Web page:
This new laser inspection process has the ability to measure the critical areas of a gear tooth, from the major diameter of the gear tooth proceeding down the involute through the root and back up the adjacent involute to the major diameter of the adjacent tooth. In other words, this new innovation has the ability to see the root form and evaluate tip diameters and tip chamfers without having to do additional special measurement routines on other equipment.

The five critical measuring zones (as numbered in Figure 1) include:

  • major diameter
  • involute
  • root
  • adjacent involute
  • adjacent major diameter

Given that the critical working area of a gear is between the major diameter and the root diameter of the gear tooth, GearVuTM is designed to evaluate this portion of the gear as quickly and comprehensively as possible allowing for 100 percent of production parts to be screened.

What makes this new approach so innovative is the new leading-edge software that gives the user a visual reference of where on the gear the defects are located with respect to the major/minor diameters and on which flank.

The gear tooth profile form is described and charted in seconds. The analysis output is a combination of an intuitive “tip through root” profile chart with traditional analytical profile charts flanking the laser results (see Figure 1).

Slone Gear’s GearVuTM system

Harnessing the Power of the Laser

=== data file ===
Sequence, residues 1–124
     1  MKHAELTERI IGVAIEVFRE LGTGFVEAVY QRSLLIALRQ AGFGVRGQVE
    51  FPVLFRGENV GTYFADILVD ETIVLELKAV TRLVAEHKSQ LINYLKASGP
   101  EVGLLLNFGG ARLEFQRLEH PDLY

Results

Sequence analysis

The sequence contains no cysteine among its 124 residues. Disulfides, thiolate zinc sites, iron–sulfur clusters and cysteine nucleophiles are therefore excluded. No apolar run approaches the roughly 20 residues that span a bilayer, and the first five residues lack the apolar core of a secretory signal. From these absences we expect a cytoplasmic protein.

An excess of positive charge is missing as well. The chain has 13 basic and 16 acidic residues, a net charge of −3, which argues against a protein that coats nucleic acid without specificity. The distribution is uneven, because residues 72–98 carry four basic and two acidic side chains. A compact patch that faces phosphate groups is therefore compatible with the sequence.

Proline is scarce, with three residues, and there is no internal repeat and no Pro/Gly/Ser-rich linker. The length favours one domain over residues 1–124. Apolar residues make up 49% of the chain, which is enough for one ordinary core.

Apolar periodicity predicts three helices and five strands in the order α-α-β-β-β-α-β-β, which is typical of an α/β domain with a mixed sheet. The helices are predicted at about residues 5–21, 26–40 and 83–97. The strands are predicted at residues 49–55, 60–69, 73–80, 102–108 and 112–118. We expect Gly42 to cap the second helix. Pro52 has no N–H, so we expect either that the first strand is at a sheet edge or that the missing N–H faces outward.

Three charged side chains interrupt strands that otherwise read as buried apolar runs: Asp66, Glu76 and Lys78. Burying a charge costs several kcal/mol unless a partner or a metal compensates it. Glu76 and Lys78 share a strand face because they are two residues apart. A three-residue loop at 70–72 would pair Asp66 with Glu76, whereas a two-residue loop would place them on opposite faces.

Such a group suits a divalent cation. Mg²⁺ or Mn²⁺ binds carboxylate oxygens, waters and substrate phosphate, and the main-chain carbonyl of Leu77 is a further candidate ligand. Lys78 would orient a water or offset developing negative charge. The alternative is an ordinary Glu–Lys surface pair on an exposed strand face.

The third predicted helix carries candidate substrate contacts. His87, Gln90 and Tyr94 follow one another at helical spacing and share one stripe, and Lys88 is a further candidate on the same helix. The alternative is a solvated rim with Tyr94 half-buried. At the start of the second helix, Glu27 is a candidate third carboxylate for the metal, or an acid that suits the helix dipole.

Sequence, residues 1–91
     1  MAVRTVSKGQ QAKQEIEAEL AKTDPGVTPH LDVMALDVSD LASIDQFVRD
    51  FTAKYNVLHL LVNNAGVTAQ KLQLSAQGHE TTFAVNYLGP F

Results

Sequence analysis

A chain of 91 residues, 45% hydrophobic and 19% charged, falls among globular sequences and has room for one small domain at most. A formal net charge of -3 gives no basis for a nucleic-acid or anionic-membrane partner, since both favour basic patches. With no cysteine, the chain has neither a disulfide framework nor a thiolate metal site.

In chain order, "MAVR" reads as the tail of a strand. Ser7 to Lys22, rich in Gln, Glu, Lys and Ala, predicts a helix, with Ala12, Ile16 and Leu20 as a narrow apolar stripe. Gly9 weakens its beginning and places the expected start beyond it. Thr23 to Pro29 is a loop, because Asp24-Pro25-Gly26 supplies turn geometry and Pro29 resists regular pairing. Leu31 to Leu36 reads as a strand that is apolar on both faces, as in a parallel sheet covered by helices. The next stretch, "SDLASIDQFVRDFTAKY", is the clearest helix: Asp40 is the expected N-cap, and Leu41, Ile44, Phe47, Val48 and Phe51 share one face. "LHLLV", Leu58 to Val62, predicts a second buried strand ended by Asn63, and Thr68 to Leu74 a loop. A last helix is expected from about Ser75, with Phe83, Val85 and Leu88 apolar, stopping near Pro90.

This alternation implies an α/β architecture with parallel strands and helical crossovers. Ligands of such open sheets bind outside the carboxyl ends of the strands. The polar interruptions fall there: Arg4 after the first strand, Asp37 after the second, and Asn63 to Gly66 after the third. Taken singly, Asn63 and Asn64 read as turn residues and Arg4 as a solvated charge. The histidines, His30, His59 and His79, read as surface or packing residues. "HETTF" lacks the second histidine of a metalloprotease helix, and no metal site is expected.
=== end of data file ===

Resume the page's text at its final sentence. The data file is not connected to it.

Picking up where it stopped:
Lasers have been considered for gear measurement for the past 30 years, but were not capable of measuring highly reflective parts with micron-level accuracy until now. With today’s improvements in laser technology, along with the increased speed of computers and new proprietary software tools, Slone Gear has developed an in-line solution — a non-contact, shop–floor hardened gage, which has led to new ways of approaching gear quality control.

Previous attempts to use probing technology on the shop floor for gears have presented challenges due to dirt, temperature, and the sensitivity of the measurement systems themselves. The new GearVuTM system allows for shop floor stability because there are no moving parts during the gaging cycle. A component is placed on a location post, either by hand or with automation, and then the laser is triggered to take data. This revolutionary approach in visualizing the measurement data will help shop floor production employees communicate to supervisors and management with specificity about gear production defect issues without having to be gear experts.

Future Utilization